Shadowy Saturn, fluttering flight, and determining decisions
Our favorites from the week
Scienceline Editors • September 12, 2011
Each week, the Scienceline staff combs through the web to find the smartest, coolest, and newest stuff for you to read. See what we’ve got this week!
From Amber Williams:
A sad reminder of how awesome NASA’s space shuttle program was: Last week a private spaceship lost control on a test journey into the skies and was destroyed. The ship is a pill-shape and funded by the billionaire who founded Amazon, Jeff Bezos, as well as the U.S. government. Apparently NASA will share its money, but not its secrets.
Ray Bradbury, the author of science fiction favorites such as Fahrenheit 451, was dubious of technology, but when it came to science, he knew his stuff. New Scientist explores how science shaped Bradbury’s stories.
Astronomy picture of the day: Amazing photograph of Saturn shot by the circling Cassini spacecraft back in 2006. There’s beauty in the shadows.
From Stephanie Warren:
A virus changes the behavior of caterpillars in a strange and horrifying way: the infected insects, when in their death throes, keep to the tops of trees, then liquify from the inside out, dripping melted, virus-carrying caterpillar drops onto the hapless victims below.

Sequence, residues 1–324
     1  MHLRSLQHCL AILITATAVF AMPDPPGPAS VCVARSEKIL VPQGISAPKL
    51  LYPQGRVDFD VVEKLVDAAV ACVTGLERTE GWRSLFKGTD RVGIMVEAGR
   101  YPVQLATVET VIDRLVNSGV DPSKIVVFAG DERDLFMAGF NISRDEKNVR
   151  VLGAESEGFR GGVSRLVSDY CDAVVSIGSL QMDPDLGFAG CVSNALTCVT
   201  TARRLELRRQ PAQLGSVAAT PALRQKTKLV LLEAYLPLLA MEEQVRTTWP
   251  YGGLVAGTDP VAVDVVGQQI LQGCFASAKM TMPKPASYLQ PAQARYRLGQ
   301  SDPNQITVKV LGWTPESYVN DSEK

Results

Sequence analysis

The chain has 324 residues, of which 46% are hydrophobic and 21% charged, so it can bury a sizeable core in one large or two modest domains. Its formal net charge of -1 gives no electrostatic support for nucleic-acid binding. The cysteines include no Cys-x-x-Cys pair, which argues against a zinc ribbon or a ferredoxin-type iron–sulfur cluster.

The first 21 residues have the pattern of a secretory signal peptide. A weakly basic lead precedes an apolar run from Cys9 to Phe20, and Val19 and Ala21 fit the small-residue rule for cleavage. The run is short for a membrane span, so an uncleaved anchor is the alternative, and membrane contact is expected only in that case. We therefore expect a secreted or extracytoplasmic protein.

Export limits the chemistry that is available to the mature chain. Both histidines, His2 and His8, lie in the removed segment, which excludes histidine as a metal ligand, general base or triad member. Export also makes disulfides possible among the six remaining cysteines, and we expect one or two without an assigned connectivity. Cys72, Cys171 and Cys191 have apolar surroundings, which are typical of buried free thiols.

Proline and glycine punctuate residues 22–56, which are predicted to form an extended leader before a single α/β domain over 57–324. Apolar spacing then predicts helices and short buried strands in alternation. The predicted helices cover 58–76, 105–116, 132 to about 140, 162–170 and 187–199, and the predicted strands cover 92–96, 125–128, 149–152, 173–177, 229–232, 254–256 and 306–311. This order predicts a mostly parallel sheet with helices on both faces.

Ed Yong is as entertaining as ever on his blog, Not Exactly Rocket Science. In his words: “Flutter brought down the passenger plane Braniff Airways Flight 542, killing everyone on board. Flutter wrecked the Tahoma Narrows Bridge, causing it to warp and twist like a piece of rope. But flutter also ensures that male hummingbirds get some action.”
Sometimes pictures really do render words unnecessary. Check out this series of stunning shots from National Geographic of some of Europe’s most wondrous watery places.
From Lena Groeger:
Think you have free will? Think again. Then read this article. Scientists and philosophers debate whether we control what we decide.
Speaking of decisions, why did you buy that last Groupon? Jonah Lehrer explains some science behind why we shop – and like bargains so much.
John McWhorter’s new book, called “What Language Is,” explores the history of languages, where slang comes from, and why English is so darn weird. Here’s a conversation between him and one of my favorite cognitive scientist/philosophers, Joshua Knobe.